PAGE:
This is a very elegant, and elegantly simple to craft, warm vegetable side dish to serve. The combination of herbs, beets, and feta cheese make a rich and complex palate of flavors.
6 beets (approx 1.5 lb)
1½ tsp chopped fresh thyme
1½ tsp chopped fresh chives
3 Tbsp extra-virgin olive oil
2 oz feta cheese, crumbled
Ground black pepper to taste
Preheat oven to 400 degrees.
In a small bowl mix together the thyme, chives, and olive oil, reserve
Peel beets under running water and wrap them individually in foil
Roast beets in oven until tender when pierced with a fork, approx. 1 hour
Remove beets from oven, unwrap, and quarter them
Place beets in serving bowl and drizzle them with herb and oil mixture
Add crumbled feta cheese and pepper
Beets come in a variety of colors, all of which have very similar flavors. Try mixing different colors for a more interesting presentation.
The beets can be roasted the night before and stored (in separate containers by color) if desired and reheated before adding herbed oil and feta cheese.
I particularly like this served with roasted lamb or medallions of beef tenderloin, but it pairs wonderfully with a variety of main dishes.
Few things are more delicious and decadent for breakfast or brunch than the combination of crab and eggs.
While I’ve called this recipe for a crab and corn fritatta a Powhatan Fritatta in homage to the ancient Native American tribe of the Chesapeake Bay region, they would not have had a dish similar to this. It does, however, showcase some of their favorite ingredients: crab and corn.
In a bowl whisk together the 4 eggs, 2 eggs, milk, and cream. Stir in the cheese, ¼ teaspoon of Old Bay Seasoning, and crab mixture.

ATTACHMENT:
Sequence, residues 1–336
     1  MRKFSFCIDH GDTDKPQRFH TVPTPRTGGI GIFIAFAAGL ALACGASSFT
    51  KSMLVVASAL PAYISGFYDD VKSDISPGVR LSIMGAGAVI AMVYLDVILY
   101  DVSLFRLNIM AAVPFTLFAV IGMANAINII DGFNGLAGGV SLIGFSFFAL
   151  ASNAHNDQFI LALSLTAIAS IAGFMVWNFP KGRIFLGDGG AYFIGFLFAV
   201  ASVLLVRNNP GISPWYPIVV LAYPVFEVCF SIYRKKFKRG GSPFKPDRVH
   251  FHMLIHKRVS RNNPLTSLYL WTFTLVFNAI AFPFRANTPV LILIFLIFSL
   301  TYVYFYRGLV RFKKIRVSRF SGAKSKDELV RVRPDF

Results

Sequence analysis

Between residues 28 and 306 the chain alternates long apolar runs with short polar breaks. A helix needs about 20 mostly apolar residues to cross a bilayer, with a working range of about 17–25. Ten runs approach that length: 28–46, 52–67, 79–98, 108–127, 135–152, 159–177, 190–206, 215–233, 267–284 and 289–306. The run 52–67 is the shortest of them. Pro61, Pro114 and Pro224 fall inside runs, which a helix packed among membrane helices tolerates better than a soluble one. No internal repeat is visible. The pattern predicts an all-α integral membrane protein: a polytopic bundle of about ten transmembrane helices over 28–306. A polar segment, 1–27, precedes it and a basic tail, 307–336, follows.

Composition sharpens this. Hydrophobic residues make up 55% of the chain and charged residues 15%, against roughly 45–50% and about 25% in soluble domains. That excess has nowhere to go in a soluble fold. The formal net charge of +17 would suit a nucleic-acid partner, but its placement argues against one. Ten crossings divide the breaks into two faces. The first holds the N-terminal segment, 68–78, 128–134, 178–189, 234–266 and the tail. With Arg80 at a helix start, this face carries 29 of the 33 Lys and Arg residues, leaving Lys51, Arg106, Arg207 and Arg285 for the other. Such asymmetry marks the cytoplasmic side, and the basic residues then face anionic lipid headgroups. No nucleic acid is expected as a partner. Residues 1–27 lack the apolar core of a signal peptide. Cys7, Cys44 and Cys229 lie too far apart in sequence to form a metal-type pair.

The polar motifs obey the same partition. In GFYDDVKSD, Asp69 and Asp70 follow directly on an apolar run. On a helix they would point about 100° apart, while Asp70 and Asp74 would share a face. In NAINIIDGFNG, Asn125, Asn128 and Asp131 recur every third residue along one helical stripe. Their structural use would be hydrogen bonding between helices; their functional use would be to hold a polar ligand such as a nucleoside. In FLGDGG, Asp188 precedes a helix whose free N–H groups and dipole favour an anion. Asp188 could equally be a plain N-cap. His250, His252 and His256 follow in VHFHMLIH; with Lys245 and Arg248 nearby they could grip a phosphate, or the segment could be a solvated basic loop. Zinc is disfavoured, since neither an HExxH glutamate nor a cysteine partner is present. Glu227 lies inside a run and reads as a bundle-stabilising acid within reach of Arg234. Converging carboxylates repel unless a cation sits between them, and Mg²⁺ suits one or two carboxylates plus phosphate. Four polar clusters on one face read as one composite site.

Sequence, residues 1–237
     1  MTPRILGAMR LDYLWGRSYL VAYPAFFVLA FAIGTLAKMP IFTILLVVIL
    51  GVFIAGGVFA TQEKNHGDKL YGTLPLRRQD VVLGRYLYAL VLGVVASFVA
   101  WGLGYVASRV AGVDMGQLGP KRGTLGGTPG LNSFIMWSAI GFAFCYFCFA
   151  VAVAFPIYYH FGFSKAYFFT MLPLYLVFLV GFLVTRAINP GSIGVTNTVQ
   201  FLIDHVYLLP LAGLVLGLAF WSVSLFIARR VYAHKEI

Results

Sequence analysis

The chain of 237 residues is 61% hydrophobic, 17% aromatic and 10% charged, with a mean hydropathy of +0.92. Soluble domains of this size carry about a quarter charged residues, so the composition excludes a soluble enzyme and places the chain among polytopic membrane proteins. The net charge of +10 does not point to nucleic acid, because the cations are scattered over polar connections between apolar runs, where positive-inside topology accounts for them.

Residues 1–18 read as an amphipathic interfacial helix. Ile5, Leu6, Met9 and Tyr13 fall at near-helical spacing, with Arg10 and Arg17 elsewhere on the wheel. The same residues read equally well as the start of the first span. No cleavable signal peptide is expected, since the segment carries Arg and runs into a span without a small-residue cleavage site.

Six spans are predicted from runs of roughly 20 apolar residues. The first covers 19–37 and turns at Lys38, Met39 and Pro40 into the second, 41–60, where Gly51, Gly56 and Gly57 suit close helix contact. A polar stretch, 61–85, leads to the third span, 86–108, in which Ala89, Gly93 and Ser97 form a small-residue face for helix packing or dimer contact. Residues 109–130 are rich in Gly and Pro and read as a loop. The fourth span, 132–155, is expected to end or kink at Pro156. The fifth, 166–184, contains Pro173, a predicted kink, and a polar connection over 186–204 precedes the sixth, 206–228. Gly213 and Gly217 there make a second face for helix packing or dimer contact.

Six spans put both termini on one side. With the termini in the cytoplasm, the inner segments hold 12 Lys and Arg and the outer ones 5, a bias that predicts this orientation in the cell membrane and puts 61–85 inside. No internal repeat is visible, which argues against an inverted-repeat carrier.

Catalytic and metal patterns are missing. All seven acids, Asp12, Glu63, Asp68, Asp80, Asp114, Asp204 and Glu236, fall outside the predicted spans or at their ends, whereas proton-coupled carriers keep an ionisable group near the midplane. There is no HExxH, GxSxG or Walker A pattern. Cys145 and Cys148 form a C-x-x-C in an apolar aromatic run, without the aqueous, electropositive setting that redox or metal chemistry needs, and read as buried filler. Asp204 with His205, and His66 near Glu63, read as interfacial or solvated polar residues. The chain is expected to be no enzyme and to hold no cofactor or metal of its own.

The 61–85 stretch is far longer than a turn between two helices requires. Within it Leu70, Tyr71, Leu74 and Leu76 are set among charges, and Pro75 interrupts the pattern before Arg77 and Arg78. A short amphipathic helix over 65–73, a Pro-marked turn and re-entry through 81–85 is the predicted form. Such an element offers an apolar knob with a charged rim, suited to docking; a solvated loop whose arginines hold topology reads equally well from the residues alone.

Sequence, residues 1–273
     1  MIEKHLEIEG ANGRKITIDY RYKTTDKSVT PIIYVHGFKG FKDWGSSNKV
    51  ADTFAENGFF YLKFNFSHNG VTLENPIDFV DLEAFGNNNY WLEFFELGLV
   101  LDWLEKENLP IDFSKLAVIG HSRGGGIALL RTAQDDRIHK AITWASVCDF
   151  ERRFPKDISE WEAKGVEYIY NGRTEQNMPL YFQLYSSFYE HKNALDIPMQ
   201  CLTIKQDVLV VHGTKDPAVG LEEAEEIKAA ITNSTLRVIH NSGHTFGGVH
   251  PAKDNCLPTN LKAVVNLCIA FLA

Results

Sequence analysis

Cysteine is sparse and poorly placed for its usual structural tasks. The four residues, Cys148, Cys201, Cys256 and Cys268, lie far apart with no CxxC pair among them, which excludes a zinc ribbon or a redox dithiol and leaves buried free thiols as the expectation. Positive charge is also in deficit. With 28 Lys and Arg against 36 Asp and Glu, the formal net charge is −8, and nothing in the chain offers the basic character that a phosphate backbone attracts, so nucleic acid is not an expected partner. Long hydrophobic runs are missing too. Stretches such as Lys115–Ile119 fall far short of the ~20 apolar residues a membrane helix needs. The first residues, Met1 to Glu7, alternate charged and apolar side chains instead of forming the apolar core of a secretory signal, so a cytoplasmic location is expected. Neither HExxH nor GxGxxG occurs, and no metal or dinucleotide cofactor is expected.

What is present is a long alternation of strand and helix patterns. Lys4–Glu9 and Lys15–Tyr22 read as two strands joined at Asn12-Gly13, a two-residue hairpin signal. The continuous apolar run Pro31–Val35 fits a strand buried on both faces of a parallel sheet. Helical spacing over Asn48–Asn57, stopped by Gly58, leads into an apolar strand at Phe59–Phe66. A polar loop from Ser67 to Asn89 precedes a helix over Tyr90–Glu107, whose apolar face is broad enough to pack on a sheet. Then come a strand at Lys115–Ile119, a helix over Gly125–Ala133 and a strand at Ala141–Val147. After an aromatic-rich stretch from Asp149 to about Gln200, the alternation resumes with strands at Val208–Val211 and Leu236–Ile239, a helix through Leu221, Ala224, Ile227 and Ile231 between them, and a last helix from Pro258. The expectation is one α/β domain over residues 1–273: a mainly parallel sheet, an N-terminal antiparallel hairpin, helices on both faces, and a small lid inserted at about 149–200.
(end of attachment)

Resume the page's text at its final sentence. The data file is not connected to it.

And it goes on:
Pour all into a lightly greased pie pan. Top with remaining ¼ teaspoon of Old Bay Seasoning and freshly ground pepper and salt to taste.
Bake until a knife inserted into the center of the frittata comes out clean, approximately 30 minutes.
Blue crab is the most “traditional” crab to use in this recipe but dungeness, king, or snow crab will work equally well. Use what you have available.
You need the equivalent of 4 large eggs for this dish, but can easily replace any number of them with the appropriate amount of egg whites.
You need ½ cup of dairy for this dish, but can adjust the fat content and richness of the dish by adjusting the proportions of milk and heavy cream. It can even be made with solely a ½ cup of skim milk.
For an interesting variation replace the normal corn kernels with roasted whole kernel corn. It will lend a pleasant smokiness to the dish. For this I use Trader Joe’s Roasted Corn rather than roasting my own.
Minchin quier! Wingutsee tuttascuc.
(Eat! The crab is good.)
While I’ve called this recipe Curried Pumpkin Soup, it is really a winter squash soup. Because this soup is not sweet just about any winter squash (acorn, butternut, kobacha, Hubbard) can be used instead of pumpkin.
The rich flavor combinations in this creamy soup are complex and subtle, yet the soup is neither difficult to make nor overly filling. It is a wonderful meal on any cooler and/or rainier day or evening.
Add the dried, smoked chiles, pumpkin, and chicken broth. Reduce heat to medium-low and cook until pumpkin is completely tender (30 minutes).
When the pumpkin is tender, add the Jamaican curry powder and heavy cream. Use a hand / stick blender to puree the soup until smooth, or transfer to a blender and blend in batches. Add salt, pepper, and additional curry powder to taste.
Turn heat down to low and allow the soup to slowly come back up to heat ( 3 – 5 minutes).
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